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Birney Imes: Starry night

 

Birney Imes

 

Forty years ago in Duluth, Minn., a 4-year-old boy and his family watched as Americans first landed on the moon. After that July afternoon in 1969, the boy, David Teske, would never quite be the same. 

 

Friday evening Teske shared his life passion with, to quote Ben Chilcutt, the 20 or so "nutty people who showed up" at Plymouth Bluff on a brutally cold night to participate in "Backyard Astronomy," a workshop sponsored by Mississippi University for Women''s Science Enrichment Program. 

 

Those nutty people heard from Teske how long, long ago, long before there were televisions and computers and drive-in movies, people looked to the nighttime sky for their stories. Using the stars as skeletons, they imagined the shapes of their gods and goddesses, and they saw these celestial formations as markers for their storytelling. Thousands of years later on this winter evening, we were essentially doing the same thing. 

 

Teske, who teaches science to a group of lucky kids at Noxapater Attendance Center and is associated with Rainwater Observatory at French Camp, said astronomy is the most ancient of the sciences. All modern science has its roots in astronomy, he said. 

 

Though ancient peoples all over the globe named the stars, we know the 88 constellations by their Greek names: Orion, Cassiopeia, Pegasus, Andromeda. Half of the 88 are rooted in Greek mythology. 

 

Sirius B, the companion star to Sirius, the dog star, and brightest star to us on Earth has a Mississippi connection. In the 1850s Ole Miss commissioned a European telescope maker to manufacture what then was the largest telescope ever made. By the time the instrument was to be delivered, the Civil War had begun and the telescope went instead to Harvard where an astronomer discovered the star. 

 

The light we see from the most recognizable constellation, Orion the Hunter, has been 1,500 years getting here, Teske said. The bright reddish upper left star in Orion is Betelgeuse, Arabic for "armpit of the hunter." 

 

The end is coming, but not anytime soon. In one to two billion years, Teske says, the Milky Way (our galaxy) will collide with the Andromeda Galaxy, M31. 

 

After the classroom presentation and before venturing outside, Teske herded about a dozen of his more adventuresome charges into a 20-by-8-foot inflated tube made of visqueen and duct tape. Inside the homemade planetarium, the stargazers sat, legs crossed or on their backs, while Teske, with a green laser, pointed out the pinprick constellations on the ceiling.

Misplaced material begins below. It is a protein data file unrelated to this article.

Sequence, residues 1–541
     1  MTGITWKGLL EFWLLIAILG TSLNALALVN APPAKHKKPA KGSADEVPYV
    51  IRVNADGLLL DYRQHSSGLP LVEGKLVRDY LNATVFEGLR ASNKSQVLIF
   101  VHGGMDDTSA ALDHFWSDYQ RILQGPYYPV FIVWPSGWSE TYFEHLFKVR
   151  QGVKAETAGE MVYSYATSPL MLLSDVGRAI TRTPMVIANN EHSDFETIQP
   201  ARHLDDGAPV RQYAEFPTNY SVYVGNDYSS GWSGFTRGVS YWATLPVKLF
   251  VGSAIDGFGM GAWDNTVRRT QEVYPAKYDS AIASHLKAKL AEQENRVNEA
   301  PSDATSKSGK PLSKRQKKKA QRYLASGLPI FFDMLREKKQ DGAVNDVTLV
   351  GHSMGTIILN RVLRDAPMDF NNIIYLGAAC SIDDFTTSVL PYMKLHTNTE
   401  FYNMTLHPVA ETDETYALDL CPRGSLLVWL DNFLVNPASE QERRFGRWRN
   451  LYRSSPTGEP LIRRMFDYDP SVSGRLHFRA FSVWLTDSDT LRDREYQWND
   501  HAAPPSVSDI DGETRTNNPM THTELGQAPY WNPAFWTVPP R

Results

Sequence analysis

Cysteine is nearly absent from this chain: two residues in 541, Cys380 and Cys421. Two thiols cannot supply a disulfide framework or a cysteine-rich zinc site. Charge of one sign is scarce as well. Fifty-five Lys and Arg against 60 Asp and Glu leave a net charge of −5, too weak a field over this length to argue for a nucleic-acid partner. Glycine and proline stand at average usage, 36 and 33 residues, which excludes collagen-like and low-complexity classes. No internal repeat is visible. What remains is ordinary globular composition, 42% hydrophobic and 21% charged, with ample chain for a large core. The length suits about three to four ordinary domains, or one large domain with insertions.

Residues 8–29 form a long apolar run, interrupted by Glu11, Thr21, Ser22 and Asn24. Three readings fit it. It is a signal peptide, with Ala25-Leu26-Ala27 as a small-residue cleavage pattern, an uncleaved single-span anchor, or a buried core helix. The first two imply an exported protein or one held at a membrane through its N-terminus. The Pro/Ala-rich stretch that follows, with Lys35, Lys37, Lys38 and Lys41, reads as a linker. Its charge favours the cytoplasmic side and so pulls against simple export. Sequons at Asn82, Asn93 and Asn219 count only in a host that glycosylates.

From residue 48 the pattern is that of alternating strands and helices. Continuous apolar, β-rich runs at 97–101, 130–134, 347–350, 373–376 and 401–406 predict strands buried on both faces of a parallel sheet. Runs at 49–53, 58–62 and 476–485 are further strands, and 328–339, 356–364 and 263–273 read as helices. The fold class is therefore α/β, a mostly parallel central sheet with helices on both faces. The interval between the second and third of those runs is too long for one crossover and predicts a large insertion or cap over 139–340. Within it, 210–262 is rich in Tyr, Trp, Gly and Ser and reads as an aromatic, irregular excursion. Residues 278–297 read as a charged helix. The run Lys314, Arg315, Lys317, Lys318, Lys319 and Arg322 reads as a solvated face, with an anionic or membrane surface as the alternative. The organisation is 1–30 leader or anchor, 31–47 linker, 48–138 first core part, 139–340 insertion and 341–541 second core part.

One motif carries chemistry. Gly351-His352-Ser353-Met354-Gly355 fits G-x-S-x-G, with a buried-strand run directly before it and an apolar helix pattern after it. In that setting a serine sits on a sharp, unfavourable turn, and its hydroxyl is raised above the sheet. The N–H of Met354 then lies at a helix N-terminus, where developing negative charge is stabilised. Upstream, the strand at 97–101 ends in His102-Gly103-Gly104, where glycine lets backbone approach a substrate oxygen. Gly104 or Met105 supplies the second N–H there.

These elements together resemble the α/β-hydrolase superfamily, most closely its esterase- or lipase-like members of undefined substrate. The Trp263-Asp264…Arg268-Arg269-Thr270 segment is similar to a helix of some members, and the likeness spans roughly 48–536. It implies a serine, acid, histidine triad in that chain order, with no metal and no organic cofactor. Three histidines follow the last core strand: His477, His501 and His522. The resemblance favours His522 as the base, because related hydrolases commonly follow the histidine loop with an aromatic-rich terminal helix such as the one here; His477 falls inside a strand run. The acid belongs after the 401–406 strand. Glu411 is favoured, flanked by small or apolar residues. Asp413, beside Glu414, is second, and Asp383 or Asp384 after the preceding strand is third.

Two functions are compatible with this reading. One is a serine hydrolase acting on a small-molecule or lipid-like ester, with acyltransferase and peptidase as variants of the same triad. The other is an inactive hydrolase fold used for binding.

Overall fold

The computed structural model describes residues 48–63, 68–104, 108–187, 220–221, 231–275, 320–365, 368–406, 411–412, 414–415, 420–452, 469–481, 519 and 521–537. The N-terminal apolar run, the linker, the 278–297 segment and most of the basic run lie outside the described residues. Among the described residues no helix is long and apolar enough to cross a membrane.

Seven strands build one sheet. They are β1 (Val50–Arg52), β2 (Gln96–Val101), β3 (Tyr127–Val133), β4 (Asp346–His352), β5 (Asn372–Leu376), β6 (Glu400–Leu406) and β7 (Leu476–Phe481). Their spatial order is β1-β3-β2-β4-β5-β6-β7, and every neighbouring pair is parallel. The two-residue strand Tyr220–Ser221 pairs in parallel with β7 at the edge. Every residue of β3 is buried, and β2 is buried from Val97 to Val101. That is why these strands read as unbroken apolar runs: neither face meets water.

"Didn''t think I''d be sitting inside a trash bag tonight," someone said in the darkness. 

 

Outside the backyard astronomers took turns squinting through Teske''s two telescopes at Mars, Betelgeuse, the Pleiades and the Andromeda Galaxy while others waited their turn huddled around a small, but equally popular, fire pit.  

 

Among the group were Doug and Cheryl Williams and their four lovely children, including Monika, who said she "would be 4 after her next birthday." Maybe the seed for another astronomer has begun to germinate. 

 

Afterward Teske spoke about the importance of space exploration. "When Columbus sailed everyone thought he was a nut.  

 

"We''ve had so many spinoffs from the moon exploration: microwave and computer technology used to build moon rockets." 

 

Teske says the big thing now is Mars. "We sent the rovers up there six years ago, and we''re still getting information (from them). They were supposed to last three months." 

 

He thinks humans will get to Mars in some distant decade, though with the economy it''s not going to happen soon. The trip would take six months, Teske said. The explorers would have to spend a year on the red planet and the trip back would likely take a year. 

 

On Friday, Jan. 22, Teske again will lead another group of backyard astronomers in an exploration of the moon. The event is free and begins at 7:30 p.m. For more information see www.muw.edu/sci_math/sep/ 

 

There was something timeless, even spiritual about standing around that small fire on a cold night under a glowing winter sky. Here we were, a handful of puny humans looking up at the heavens, trying, as humans have done since the beginning of time, to explain the infinite with what we call science and a handful of well-worn stories. 

 

 

Birney Imes III is the Editor and Publisher of The Dispatch.

 

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Reader Comments

Article Comment Bill Boggess commented at 1/20/2010 7:58:00 AM:

Having spent many a night on Plymouth Bluff as a boy, I'll affirm the value of stargazing in connecting with the Infinite. It seems like most nights after the foolishness of the day was over, the converstation on the Bluff turned often toward the spiritual.
People today need to turn off the music and the TV and go outside and contemplate the stars and (hopefully) the Maker of the stars.

 

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